3 immigration scams that people in Texas should beware of
Immigrants in Texas should be careful to avoid working with notarios públicos, lawyers with poor records and other parties who could be scamming them.
Navigating matters that involve immigration law can be difficult for many people, given the complexity of this area of law and other potential obstacles, such as language barriers. Sadly, worsening this issue, there are a number of scams that target immigrants who are seeking green cards, visas, deferred action and other forms of relief from deportation. Most immigrants in San Antonio can benefit from understanding the most common of these scams.
1. Working with ‘notarios públicos’
“Notarios públicos” may represent themselves as professionals who hold legal credentials and are qualified to advise or represent a person during immigration law proceedings, according to the U.S. Department for Citizenship and Immigration Services. This is the case in some Spanish-speaking countries, but in the U.S., notaries do not perform these same duties.
Notarios públicos may give incorrect legal advice and cause a person to take actions that hurt his or her prospects of remaining in the United States. It is therefore critical that immigrants who wish to seek professional assistance work with legitimate attorneys or with representatives from organizations that are accredited in providing immigration services.
2. Giving scammers sensitive information
The Federal Trade Commission advises immigrants to take several precautions to ensure that they are not giving important documents or information away to scammers. For example, immigrants should do the following:
- Only sign completed forms that they understand, and keep copies of each form that has been signed or submitted to the USCIS.
- Never relinquish documents such as birth certificates or passports to other people.
- Before submitting immigration-related documents or payments online, check that the website is government-run and not overseen by private parties.
In addition, the USCIS recommends that immigrants be familiar with basic policies so that they can more easily recognize scams. The USCIS will never request payments via phone or email, and it does not send emails to immigrants who won green cards through the Diversity Visa Program. At present, the organization is not accepting applications from people who qualify for Deferred Action for Parents of Americans, expanded Deferred Action for Childhood Arrivals or expanded provisional waivers.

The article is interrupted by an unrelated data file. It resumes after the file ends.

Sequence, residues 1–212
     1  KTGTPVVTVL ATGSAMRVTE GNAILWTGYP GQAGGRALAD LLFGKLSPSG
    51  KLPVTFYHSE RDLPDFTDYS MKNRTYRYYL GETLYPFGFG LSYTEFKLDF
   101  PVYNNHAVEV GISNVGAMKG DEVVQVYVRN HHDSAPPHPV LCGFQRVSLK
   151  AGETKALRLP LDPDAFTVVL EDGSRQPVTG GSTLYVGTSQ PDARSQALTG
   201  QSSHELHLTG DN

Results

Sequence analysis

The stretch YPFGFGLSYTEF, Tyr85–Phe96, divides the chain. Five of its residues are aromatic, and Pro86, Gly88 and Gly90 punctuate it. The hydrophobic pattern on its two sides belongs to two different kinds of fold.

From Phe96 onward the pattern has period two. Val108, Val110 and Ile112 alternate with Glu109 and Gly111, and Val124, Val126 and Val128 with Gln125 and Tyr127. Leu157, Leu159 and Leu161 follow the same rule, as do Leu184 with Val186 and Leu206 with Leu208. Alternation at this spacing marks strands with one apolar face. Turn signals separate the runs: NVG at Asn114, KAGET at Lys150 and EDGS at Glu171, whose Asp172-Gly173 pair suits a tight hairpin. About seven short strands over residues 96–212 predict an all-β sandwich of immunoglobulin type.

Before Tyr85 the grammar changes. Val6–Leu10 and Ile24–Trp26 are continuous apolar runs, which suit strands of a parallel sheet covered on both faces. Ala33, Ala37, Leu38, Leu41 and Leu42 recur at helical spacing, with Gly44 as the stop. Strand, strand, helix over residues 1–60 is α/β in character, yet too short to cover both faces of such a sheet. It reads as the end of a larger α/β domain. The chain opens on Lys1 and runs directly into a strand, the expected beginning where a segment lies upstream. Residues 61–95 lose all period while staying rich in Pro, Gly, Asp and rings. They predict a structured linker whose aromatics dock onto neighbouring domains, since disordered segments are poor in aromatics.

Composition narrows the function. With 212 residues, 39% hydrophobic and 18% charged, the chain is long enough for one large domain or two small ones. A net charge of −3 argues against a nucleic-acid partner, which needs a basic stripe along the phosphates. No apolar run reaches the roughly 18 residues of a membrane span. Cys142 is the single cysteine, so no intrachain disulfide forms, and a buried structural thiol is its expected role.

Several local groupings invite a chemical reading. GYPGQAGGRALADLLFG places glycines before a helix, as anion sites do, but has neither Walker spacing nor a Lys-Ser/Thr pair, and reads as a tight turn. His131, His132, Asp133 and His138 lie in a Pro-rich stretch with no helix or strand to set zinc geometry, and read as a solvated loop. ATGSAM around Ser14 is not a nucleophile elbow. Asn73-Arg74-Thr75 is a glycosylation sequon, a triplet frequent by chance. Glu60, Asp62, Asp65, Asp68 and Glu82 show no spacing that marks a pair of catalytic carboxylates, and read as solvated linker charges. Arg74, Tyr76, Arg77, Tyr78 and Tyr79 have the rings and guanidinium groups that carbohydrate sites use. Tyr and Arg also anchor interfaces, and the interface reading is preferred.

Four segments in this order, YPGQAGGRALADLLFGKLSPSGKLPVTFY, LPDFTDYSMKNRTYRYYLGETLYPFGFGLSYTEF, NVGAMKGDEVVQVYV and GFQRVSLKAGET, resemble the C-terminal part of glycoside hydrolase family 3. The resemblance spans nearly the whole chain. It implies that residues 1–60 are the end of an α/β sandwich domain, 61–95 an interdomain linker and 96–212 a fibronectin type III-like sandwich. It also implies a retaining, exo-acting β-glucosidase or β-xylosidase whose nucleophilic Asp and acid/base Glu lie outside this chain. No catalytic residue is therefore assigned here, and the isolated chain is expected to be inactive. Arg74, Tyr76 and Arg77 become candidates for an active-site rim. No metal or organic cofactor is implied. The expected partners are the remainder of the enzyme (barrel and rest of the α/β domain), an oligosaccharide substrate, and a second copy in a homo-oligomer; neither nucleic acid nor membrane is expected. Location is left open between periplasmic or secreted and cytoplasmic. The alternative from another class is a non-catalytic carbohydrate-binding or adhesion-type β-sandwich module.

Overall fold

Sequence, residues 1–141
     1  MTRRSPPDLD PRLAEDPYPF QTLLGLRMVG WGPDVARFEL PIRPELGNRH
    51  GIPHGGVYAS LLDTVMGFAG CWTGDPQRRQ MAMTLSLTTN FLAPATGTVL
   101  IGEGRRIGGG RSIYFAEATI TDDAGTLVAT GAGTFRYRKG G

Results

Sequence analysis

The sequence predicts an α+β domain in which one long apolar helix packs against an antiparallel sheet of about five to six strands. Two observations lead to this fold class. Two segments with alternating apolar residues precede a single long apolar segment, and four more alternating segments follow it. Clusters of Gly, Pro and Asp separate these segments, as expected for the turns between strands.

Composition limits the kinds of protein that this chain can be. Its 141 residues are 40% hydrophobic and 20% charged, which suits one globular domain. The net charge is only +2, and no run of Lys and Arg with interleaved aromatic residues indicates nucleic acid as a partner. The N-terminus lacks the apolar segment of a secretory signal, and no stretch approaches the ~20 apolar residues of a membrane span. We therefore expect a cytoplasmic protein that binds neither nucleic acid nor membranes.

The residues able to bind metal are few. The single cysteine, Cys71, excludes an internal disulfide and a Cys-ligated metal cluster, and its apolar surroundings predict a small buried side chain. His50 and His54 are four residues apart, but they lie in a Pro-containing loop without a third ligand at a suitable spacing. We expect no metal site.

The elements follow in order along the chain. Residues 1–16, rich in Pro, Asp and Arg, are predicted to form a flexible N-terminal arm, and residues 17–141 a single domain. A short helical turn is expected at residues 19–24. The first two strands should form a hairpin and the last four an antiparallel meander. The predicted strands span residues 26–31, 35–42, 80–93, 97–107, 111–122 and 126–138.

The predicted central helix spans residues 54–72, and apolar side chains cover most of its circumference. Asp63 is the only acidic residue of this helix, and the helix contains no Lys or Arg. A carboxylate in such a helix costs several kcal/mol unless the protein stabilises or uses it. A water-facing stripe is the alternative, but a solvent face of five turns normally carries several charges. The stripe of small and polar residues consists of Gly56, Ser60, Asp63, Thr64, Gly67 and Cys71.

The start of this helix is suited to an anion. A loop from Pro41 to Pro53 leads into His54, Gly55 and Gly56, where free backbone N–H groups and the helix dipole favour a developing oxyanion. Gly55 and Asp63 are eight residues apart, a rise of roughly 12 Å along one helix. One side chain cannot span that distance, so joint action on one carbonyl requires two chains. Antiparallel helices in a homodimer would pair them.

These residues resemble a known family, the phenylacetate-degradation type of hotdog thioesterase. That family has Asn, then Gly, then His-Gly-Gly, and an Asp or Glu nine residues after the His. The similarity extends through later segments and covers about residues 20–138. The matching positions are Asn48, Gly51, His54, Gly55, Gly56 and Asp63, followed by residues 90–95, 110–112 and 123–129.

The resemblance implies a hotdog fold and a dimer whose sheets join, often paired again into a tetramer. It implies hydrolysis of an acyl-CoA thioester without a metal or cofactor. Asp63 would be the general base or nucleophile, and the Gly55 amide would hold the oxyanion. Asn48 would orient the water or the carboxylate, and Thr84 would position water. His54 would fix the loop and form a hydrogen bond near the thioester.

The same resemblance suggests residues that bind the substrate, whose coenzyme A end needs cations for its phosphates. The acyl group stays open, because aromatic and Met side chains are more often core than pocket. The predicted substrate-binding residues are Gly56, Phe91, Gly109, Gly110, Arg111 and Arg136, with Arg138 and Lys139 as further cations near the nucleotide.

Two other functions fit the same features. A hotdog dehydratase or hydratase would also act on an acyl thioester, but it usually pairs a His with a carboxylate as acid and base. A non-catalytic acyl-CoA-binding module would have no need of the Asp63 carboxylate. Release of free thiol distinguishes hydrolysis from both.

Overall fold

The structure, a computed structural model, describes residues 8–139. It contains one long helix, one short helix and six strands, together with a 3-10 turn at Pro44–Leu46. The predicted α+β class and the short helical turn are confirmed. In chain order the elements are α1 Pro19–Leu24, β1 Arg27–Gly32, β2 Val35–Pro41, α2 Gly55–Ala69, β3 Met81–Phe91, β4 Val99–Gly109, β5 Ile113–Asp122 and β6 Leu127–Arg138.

3. Hiring the wrong attorney
Immigrants who decide to work with an immigration attorney should use caution when choosing one. The FTC states that it is important to confirm that an attorney belongs to a local bar association and remains in good standing with the association. Immigrants should avoid working with other attorneys, as they might have a history of ethical or legal violations.
Immigrants should also remember that attorneys who remain in good standing still might not have a track record of performing quality work or securing successful results on behalf of immigrants. Consequently, it is advisable to perform research into an attorney’s background and meet with multiple prospective lawyers in order to choose a qualified professional.
Trevino Immigration Law focuses exclusively on immigration law and uses more than a decade of experience in this area to seek the best outcome for each client. People who need representation or advice regarding immigration law matters are encouraged to contact the firm today to schedule a consultation.